1. Akbar's Dream. Seven Pillar of Wisdom. “As Tennyson reminds us, the emperor 'let men worship as they will,' lifting restrictions on non-Muslims, issuing (and enforcing) edicts enjoining tolerance and faith-blind justice, and openly paying respect to Hinduism, Christianity, Zoroastrianism, and Buddhism in addition to obeying the teachings of the Islamic faith in which he had been raised.”
  2. Mughal Emperor Akbar, Akbar The Great. MughalHistory.com (2012). Retrieved on 21 May 2015.
  3. Fatehpur Sikri, Emperor Akbar, Mughal Emperor, Agra, Jami Masjid, Buland Darwaza Mughal architecture in India.. IndiaProfile.com (2012). Retrieved on 21 May 2015. “Akbar was so enthusiastic about this mosque that he occasionally swept the floor and gave azan (call for prayer). On June 26, 1579, Akbar even read the khutba himself, a great innovation, earlier attempted only the Timur and Mirza Ulugh Beg.”
  4. Mughal emperors - Wikipedia (2015). Retrieved on 20 May 2015. “The Mughal emperors were a branch of the Timurid dynasty who built and ruled the Mughal Empire in South Asia, mainly corresponding to the modern countries of India, Pakistan, and Bangladesh, from the early 16th century to the early 18th century.”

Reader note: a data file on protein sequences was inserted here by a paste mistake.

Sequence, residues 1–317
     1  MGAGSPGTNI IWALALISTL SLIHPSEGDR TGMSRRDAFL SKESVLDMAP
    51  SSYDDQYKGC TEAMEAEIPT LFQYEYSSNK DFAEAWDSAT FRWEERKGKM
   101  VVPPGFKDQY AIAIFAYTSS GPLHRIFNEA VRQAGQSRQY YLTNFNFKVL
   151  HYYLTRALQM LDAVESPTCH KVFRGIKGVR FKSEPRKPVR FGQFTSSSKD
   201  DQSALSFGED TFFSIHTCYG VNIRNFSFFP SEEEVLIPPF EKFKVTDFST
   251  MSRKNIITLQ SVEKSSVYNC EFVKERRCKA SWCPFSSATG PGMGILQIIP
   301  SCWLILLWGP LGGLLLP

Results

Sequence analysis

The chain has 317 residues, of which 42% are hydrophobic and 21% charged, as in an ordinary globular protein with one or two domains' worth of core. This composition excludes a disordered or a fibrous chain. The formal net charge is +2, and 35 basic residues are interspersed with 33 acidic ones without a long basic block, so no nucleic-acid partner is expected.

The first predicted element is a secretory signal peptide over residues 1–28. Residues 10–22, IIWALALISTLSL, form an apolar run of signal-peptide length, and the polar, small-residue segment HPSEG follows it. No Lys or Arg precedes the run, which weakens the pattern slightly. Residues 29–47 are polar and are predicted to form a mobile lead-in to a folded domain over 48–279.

5. Akbar - Wikipedia (2015). Retrieved on 20 May 2015. “To unify the vast Mughal state, Akbar established a centralised system of administration throughout his empire and adopted a policy of conciliating conquered rulers through marriage and diplomacy. In order to preserve peace and order in a religiously and culturally diverse empire, he adopted policies that won him the support of his non-Muslim subjects.”
  6. Jizya - Wikipedia (2015). Retrieved on 20 May 2015. “The tax is no longer imposed by nation states in the Islamic world. However, armed groups such as ISIS enforce it in some areas they have captured. In the 21st century, it is widely regarded as being at odds with contemporary secular conceptions of citizen's civil rights and equality before the law, although there have been occasional reports of religious minorities in conflict zones and areas subject to political instability being forced to pay jizya.”
  7. mogul - definition of mogul. The Free Dictionary (2015). Retrieved on 21 May 2015. “A very rich or powerful person; a magnate.”